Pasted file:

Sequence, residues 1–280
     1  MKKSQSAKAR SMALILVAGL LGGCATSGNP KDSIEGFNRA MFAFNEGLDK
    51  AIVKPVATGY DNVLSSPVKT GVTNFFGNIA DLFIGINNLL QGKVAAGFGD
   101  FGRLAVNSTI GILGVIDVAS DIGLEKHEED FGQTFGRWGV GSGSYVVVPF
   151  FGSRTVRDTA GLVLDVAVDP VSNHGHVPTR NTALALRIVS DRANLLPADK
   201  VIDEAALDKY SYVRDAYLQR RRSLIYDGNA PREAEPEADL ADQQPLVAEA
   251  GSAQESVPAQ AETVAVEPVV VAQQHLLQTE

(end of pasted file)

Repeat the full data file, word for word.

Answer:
Sequence, residues 1–280
     1  MKKSQSAKAR SMALILVAGL LGGCATSGNP KDSIEGFNRA MFAFNEGLDK
    51  AIVKPVATGY DNVLSSPVKT GVTNFFGNIA DLFIGINNLL QGKVAAGFGD
   101  FGRLAVNSTI GILGVIDVAS DIGLEKHEED FGQTFGRWGV GSGSYVVVPF
   151  FGSRTVRDTA GLVLDVAVDP VSNHGHVPTR NTALALRIVS DRANLLPADK
   201  VIDEAALDKY SYVRDAYLQR RRSLIYDGNA PREAEPEADL ADQQPLVAEA
   251  GSAQESVPAQ AETVAVEPVV VAQQHLLQTE